Circulating Now welcomes guest blogger E. Thomas Ewing, Professor of History and Associate Dean in the College of Liberal Arts and Human Sciences at Virginia Polytechnic Institute and State University. Professor Ewing’s recent research in the historical collections of the National Library of Medicine includes new methods of analyzing textual information. Professor Ewing is the Principal Investigator and Project Director of “An Epidemiology of Information: New Methods for Interpreting Disease and Data,” funded by the National Endowment for the Humanities through the Digging into Data Challenge. NLM was pleased to be a co-sponsor of the recent Epidemiology of Information research symposium, in cooperation with the Office of Digital Humanities of the National Endowment for the Humanities, the National Science Foundation, and Virginia Polytechnic Institute and State University.
“Methods and Mediums” for Understanding Public Health Responses to a Pandemic
On September 23, 1918, Dr. John Dill Robertson, the Health Commissioner for the city of Chicago, issued the following pronouncement:
—“100 Sailors at Great Lakes Die of Influenza,” Chicago Daily Tribune, September 23, 1918, p. 1.
This brave proclamation vastly underestimated the severity of the epidemic that was just beginning to sweep the entire nation, including cities like Chicago. By October 1, the number of deaths per day would exceed 400, compared to a daily rate of less than 50 when Dr. Robertson made his bold claim. Two weeks later, at the peak of the epidemic, the number of reported deaths from influenza and pneumonia exceeded 2000 per day. The death rate gradually declined, and by early November, the number of deaths reported each day had returned to approximately 300, still higher than when the epidemic began, but far below the peak levels in the middle of October (John Dill Robertson and Gottfried Koehler, “Preliminary Report on the Influenza Epidemic in Chicago,” The American Journal of Public Health, Vol. 8, No. 11 (November 1918), pp. 849-856.)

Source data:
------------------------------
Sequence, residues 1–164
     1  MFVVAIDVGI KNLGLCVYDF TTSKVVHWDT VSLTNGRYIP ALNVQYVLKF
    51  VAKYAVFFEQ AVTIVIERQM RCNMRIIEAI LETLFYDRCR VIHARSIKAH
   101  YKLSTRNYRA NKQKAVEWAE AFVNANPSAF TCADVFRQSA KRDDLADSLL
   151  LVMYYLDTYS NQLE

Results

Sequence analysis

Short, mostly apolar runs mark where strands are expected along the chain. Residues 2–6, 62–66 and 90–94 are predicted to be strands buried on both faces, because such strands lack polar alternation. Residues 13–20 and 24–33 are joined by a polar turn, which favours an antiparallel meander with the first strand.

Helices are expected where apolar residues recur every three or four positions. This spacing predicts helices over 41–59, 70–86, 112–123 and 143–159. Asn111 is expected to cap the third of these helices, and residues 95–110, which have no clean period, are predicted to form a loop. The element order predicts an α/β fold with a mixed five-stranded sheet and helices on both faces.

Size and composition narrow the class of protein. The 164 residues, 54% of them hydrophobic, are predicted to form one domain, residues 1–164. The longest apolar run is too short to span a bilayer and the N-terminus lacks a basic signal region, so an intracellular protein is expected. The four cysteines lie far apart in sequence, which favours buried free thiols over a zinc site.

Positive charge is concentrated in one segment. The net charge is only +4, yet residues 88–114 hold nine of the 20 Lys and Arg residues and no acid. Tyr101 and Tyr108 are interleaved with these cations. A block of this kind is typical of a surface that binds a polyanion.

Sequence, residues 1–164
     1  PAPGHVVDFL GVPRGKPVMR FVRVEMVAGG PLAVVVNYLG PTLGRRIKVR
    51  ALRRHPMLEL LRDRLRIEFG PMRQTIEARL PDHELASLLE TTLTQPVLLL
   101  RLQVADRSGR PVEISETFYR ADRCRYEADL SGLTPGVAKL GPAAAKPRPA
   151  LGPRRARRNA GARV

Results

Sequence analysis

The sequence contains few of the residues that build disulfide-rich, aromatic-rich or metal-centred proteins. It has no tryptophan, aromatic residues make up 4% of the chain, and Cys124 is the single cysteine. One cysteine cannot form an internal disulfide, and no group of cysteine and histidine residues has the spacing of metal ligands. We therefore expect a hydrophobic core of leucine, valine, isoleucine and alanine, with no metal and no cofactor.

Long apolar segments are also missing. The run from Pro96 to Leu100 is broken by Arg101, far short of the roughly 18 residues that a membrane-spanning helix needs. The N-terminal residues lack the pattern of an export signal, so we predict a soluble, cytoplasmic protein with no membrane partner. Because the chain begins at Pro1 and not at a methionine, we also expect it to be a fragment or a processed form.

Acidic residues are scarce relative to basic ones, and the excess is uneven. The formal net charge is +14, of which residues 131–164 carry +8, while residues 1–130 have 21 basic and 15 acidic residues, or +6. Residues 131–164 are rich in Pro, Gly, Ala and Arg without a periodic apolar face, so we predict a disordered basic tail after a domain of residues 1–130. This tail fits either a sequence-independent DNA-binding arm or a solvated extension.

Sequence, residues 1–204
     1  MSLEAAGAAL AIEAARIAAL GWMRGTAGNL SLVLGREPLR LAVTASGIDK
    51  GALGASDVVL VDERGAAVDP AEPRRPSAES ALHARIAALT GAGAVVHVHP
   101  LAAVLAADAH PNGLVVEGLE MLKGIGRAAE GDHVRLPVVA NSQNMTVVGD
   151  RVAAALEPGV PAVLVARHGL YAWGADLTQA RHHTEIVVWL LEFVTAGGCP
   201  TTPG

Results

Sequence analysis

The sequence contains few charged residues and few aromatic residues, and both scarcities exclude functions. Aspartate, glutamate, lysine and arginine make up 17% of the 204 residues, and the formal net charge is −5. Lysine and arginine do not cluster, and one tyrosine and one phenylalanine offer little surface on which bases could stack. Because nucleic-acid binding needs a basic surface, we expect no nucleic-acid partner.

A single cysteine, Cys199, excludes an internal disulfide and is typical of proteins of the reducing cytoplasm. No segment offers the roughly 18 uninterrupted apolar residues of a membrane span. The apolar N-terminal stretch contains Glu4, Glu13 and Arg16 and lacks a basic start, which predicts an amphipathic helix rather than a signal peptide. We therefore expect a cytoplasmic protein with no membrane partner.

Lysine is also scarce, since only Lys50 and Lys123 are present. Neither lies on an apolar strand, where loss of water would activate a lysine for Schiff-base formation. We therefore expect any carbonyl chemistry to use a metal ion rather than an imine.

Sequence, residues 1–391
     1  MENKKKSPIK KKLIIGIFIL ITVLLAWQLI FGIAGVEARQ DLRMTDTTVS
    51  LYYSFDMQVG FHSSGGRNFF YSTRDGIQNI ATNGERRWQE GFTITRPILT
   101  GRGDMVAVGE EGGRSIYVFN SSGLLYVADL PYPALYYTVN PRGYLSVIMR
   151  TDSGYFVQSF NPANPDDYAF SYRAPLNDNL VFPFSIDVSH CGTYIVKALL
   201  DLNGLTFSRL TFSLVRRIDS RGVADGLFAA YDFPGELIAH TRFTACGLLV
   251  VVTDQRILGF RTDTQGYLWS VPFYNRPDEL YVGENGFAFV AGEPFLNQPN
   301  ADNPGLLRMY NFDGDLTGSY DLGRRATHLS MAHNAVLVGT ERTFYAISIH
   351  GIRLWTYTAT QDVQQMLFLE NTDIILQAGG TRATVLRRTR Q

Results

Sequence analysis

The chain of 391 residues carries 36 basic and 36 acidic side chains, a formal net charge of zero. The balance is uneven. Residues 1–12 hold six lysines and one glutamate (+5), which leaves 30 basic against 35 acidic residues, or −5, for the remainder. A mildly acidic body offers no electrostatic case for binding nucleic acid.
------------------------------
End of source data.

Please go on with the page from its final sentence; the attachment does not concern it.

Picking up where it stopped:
Despite this seeming contradiction between his initial optimism and the actual impact of the Spanish influenza epidemic, Dr. Robertson remained convinced that his approach to the disease had been correct.
In his retrospective report on the influenza epidemic, Dr. Robertson devoted particular attention to the ways that his office “conducted what may be termed an intensive campaign of publicity and education” before and during the epidemic influenza. In this report, Dr. Robertson identified a range of “methods and mediums” used to ensure that “knowledge and light are agencies of wonderful might and influence” in the “never ending fight against preventable disease.” Although not everyone will “heed the warnings and advice of health officials,” this report asserted, “it still must be remembered that unless the light be spread, darkness will prevail.” (John Dill Robertson, A Report on An Epidemic of Influenza in the City of Chicago in the Fall of 1918 Educational Series No. 15 Department of Health City of Chicago, 1918, pp. 50-52.)
Dr. Robertson’s response to the Influenza Epidemic of 1918-1919 provides a case study for exploring the relationship between the statements of public health officials and the ways that newspapers shaped coverage of the influenza within particular communities.
This research is part of a larger project, entitled the Epidemiology of Information, which seeks to understand how newspapers shaped public opinion during the 1918 influenza pandemic using collections from around the country, including those held by the National Library of Medicine, Library of Congress, and the online Influenza Encyclopedia.
In his report, Robertson described how his office provided “daily information as to the status of the outbreak, together with advice and warning as to the things that should be done to curb the spread of the disease and to protect the public health.” Newspapers also printed daily warnings, often in the form of “Do’s” and “Don’ts,” which were distributed by the Department of Health.
The report cited photographs of street cleaners, nurses, and even the Health Commissioner wearing protective masks as specific examples of how newspapers served this goal of disseminating health warnings. The Health Department also provided articles, at least once a week, to 136 daily, weekly, and monthly publications in the city, including those published in foreign languages, “with the purpose of securing city wide co-operation in enforcing the protective measures adopted by the Department of Health.” In early October, when headlines began “to take an alarming aspect,” with predictions of very high number of cases and deaths based on reports from eastern cities and from military camps, the Health Department took the unusual action of publishing a three-quarter page ad, which featured the U.S. Public Health Service guidelines about “Spanish Flu,” with the intention of preventing “undue alarm” among the people (“Spanish Influenza. ‘The Flu’,” Chicago Daily Tribune, October 3, 1918, p. 24). These examples confirmed Dr. Robertson’s belief that his office took all necessary steps not only to control the disease, but to shape public perceptions of the disease in ways that prevented this perceived threat of “undue alarm.”